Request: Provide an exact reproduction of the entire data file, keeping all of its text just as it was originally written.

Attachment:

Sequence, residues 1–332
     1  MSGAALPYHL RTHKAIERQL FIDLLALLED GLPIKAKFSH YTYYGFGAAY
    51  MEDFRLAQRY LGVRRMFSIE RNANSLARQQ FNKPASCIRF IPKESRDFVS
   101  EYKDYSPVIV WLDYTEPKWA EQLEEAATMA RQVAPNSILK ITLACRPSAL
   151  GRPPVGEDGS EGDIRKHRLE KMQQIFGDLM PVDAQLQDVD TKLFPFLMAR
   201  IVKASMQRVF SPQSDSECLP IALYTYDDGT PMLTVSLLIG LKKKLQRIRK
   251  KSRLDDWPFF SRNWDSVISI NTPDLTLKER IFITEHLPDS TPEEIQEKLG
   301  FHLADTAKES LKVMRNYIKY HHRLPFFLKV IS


Sequence, residues 1–332
     1  MSGAALPYHL RTHKAIERQL FIDLLALLED GLPIKAKFSH YTYYGFGAAY
    51  MEDFRLAQRY LGVRRMFSIE RNANSLARQQ FNKPASCIRF IPKESRDFVS
   101  EYKDYSPVIV WLDYTEPKWA EQLEEAATMA RQVAPNSILK ITLACRPSAL
   151  GRPPVGEDGS EGDIRKHRLE KMQQIFGDLM PVDAQLQDVD TKLFPFLMAR
   201  IVKASMQRVF SPQSDSECLP IALYTYDDGT PMLTVSLLIG LKKKLQRIRK
   251  KSRLDDWPFF SRNWDSVISI NTPDLTLKER IFITEHLPDS TPEEIQEKLG
   301  FHLADTAKES LKVMRNYIKY HHRLPFFLKV IS